another day, another email...
Like you say, professor. As for Mr. Giuliani's campaign strategy, the fact that he tends to wear out his welcome may have had something to do with it. Remember, he'd frittered away much of his popularity as he neared the end of his tenure as New York mayor and people were sort of relieved to see him go, like the Brits with Margaret Thatcher. Then 9.11 happened. The new Giuliani seemed oddly subdued, too, as if he'd aged or his heart wasn't really in it. In any case, Mr. Giuliani had so many negatives as a Republican in the first place that it's hard to point to say what sank him. Eurasia Group’s Ian Bremmer from the beginning never thought that he had a chance.
Here is a near-post mortem that shows the messiness of the Clinton campaign. Little of this came out until very, very recently. I wonder why. So yes, an organized campaign is important, and it won’t run itself.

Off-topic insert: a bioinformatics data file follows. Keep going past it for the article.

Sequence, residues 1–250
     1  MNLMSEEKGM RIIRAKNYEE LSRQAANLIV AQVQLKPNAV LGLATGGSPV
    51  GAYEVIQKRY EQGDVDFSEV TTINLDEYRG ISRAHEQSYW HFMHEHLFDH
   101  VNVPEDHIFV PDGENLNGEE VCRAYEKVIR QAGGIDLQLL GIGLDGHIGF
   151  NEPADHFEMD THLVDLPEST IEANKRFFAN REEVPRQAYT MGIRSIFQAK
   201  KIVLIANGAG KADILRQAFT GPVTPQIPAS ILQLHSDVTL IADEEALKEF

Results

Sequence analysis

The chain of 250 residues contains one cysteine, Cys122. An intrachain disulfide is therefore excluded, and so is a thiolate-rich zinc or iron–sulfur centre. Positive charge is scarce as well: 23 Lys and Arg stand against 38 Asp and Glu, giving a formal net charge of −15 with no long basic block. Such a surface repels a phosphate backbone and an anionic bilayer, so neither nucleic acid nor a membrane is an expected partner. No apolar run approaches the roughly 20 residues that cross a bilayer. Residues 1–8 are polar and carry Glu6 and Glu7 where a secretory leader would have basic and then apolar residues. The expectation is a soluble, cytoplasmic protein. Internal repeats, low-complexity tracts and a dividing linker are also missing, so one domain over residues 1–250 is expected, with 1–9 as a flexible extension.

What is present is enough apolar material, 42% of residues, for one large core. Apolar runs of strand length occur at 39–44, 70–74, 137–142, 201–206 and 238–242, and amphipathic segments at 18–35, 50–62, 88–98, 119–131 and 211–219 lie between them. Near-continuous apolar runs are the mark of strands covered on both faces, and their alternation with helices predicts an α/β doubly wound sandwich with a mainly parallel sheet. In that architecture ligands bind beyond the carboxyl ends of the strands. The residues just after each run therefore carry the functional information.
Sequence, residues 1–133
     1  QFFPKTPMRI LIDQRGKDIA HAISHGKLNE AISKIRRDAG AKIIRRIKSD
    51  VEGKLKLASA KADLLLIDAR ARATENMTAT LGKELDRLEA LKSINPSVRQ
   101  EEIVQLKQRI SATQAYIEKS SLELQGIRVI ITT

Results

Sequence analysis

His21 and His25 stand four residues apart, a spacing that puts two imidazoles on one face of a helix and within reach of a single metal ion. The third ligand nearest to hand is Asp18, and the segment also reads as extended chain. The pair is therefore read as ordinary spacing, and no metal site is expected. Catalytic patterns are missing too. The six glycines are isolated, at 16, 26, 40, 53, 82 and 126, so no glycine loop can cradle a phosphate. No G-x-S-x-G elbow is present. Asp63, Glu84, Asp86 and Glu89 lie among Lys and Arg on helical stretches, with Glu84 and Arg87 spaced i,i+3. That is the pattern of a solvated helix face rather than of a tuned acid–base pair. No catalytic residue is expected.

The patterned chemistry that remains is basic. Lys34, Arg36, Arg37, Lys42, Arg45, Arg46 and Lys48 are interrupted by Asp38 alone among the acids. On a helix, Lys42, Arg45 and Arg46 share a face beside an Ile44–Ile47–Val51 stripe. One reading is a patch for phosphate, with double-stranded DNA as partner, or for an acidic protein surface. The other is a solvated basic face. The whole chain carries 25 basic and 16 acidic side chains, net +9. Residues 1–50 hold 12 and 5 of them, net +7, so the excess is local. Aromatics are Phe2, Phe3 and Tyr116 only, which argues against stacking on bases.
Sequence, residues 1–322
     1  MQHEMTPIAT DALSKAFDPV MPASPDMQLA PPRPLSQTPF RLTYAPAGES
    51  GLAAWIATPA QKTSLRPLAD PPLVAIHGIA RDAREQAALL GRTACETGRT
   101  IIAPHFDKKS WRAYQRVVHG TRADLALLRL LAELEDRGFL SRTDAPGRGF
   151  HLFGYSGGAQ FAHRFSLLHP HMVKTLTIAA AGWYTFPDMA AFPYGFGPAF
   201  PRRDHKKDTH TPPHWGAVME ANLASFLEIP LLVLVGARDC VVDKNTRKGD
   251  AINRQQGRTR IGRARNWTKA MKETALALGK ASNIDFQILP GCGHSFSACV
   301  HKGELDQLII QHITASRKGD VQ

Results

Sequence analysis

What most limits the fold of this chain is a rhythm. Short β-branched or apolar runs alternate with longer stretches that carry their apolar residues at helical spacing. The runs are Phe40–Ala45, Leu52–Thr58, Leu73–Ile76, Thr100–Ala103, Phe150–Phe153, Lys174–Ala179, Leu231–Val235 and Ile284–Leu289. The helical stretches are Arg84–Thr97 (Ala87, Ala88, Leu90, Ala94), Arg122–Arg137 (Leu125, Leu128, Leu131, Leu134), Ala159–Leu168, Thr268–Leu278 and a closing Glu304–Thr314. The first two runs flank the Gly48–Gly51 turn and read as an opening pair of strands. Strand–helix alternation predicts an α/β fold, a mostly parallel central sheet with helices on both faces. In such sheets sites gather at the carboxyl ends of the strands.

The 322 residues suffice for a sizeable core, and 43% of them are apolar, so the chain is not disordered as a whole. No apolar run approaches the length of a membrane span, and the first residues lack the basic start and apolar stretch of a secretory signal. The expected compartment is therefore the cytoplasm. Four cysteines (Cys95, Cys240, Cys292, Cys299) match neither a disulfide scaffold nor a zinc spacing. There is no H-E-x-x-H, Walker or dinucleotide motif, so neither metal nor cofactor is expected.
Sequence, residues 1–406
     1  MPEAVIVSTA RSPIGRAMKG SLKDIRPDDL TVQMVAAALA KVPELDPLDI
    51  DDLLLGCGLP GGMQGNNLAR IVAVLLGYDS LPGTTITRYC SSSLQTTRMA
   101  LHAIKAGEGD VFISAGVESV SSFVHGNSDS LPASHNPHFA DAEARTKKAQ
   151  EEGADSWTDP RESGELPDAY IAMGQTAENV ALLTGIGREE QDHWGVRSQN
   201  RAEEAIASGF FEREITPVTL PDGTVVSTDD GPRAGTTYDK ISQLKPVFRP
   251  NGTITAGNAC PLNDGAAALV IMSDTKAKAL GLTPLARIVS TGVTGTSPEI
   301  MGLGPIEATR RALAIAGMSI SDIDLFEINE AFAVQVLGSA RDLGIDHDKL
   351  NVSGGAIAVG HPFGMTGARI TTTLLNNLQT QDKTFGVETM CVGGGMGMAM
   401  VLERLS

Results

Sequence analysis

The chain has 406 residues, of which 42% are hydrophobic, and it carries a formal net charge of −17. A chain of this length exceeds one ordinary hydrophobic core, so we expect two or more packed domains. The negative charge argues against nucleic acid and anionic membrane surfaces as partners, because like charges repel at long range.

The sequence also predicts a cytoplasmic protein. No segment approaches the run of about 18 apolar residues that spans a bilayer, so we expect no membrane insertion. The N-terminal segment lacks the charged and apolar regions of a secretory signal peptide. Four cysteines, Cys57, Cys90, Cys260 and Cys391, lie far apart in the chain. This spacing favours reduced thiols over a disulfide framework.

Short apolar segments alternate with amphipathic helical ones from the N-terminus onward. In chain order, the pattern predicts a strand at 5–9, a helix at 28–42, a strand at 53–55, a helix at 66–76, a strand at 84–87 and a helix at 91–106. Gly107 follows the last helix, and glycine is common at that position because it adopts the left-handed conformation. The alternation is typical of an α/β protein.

I think you’re right that negative campaigning was not as effective as it used to be. I think that it’s a combination of several things. I agree with you that Barack Obama and his campaign team responded well on the few occasions that he faced it and even managed to turn it to his advantage on some occasions. Of course it’s easier when everybody likes you in the first place. A match works best when a lot of people are willing to fan the flames. Also, I think that Democrats tend to be more sensitive to negative campaigning.
As for the students getting involved with the Obama campaign, I’ve been reading about it, but it’s good to hear it firsthand.
And you’re right, Mr. Obama won’t lack for experienced people wanting to work for him, including the people around Hillary Clinton. Even the Clintons will campaign all out for Mr. Obama; it could still be their turn in 2012. Don’t count John McCain out.